What is Political Education?
Here in Minnesota, we look out for our neighbors. From penny auctions to save small farms during the Great Depression to the #VoteNo campaign in 2012 when we pushed back on a ban on gay marriage, Minnesotans come together during moments of crisis.
During this global pandemic, we know we can do it again if we talk to our neighbors, build solidarity, and fight for our communities.
To meet this moment, here at TakeAction Minnesota, we are rolling out a series of political education resources through Instagram videos, online content, and in person events so that we can learn, grow and demand change together. We’re calling this series Igniting Change.
But what exactly is political education? We asked two of our organizers to expand on the idea. Here’s what they said:
For me, political education is one of the many ways I have found my own voice in the world. The goal of political education is to start to put language to what we feel in our bodies and in our minds when we experience gender oppression, racism, classism and corporate power. Political education helps us build a common language to identify the things that need to change in our communities.
COVID-19 is creating a new reality for all of us. The first step to building the world we need now and in the future is to name it.
Now is the time for us to learn together, wrestle with new ideas, and connect with each other in a way that creates movement for a revolution. I believe political education through music, videos, conversations and shared learning is one of the best ways that we can take power back for our loved ones and our communities.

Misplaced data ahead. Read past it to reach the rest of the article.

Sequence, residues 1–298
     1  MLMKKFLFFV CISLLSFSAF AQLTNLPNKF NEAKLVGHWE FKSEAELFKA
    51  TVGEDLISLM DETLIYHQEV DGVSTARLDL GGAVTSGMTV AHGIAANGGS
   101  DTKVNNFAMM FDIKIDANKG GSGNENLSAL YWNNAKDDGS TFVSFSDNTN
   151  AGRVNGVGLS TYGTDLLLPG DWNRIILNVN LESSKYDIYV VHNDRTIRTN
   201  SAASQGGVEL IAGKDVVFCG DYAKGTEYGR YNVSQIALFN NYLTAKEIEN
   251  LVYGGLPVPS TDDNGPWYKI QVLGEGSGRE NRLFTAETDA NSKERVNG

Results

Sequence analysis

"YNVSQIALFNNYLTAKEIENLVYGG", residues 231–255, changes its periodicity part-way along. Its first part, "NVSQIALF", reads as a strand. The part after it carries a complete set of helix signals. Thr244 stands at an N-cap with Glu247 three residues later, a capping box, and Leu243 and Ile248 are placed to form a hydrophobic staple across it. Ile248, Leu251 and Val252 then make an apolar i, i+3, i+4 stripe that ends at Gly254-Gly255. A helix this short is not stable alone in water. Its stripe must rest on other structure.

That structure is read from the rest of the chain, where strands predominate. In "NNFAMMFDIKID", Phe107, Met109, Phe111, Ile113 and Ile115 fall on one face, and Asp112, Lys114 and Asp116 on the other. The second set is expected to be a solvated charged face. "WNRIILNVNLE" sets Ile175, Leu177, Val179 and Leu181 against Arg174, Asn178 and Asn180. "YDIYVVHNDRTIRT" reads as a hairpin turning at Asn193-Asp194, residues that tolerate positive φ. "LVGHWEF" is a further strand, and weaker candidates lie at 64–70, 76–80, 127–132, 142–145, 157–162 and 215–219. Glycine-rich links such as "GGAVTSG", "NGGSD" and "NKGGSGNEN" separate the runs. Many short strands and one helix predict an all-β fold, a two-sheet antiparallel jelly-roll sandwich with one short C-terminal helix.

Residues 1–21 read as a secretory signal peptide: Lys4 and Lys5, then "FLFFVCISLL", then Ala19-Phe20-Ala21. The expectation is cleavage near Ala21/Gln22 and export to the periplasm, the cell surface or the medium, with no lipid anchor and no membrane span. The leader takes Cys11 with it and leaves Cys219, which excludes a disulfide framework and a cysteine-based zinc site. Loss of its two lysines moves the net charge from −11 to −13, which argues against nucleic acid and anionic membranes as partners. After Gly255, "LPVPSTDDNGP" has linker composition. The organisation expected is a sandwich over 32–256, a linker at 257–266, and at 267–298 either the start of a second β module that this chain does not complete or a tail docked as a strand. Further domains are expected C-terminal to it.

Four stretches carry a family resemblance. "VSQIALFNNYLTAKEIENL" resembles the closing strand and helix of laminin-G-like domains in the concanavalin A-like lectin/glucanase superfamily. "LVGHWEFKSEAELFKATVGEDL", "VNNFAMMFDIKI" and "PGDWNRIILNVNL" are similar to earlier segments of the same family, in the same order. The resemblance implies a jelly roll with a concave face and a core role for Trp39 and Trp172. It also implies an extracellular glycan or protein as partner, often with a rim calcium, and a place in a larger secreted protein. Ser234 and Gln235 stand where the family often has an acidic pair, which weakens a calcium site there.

– Britton Mikkelsen, St. Cloud Organizer
I grew up believing that my worth was attached to a letter, to a grade. To my abilities to sit still, be silent, and memorize facts. That the asphalt that occupies most of our urban public spaces must be there – that there is no alternative. That the U.S. was the best place to live because our country was wealthy beyond imagination. That blue eyes were prettier than brown, and thin bodies better than big bodies.
Throughout my childhood, I was cared for by many brilliant, creative, and connected adults, both at home and at school. And still, I grew up believing these things. It took me years to be okay with my body hair, and even longer to learn who decides how our cities are built.
It wasn’t until I spent months in my dad’s home country, Guatemala, that I realized money doesn’t equal happiness. It wasn’t until I heard a song about wage slavery that I dared wish for a world where everyone’s needs are met. It is through travel (physical and virtual), through sharing art and stories across so-called borders, through reading science fiction and relearning history, through practicing using my imagination over and over that I have begun to feel bits of truth in my body.
That’s what political education is for me: an opportunity to get clear on where we are at collectively, an invitation to envision another world, and the ability to imagine a vision of what could be.
– Magdalena Kaluza, Climate Organizer
We hope you’ll join us on this journey. Learn more about Igniting Change below.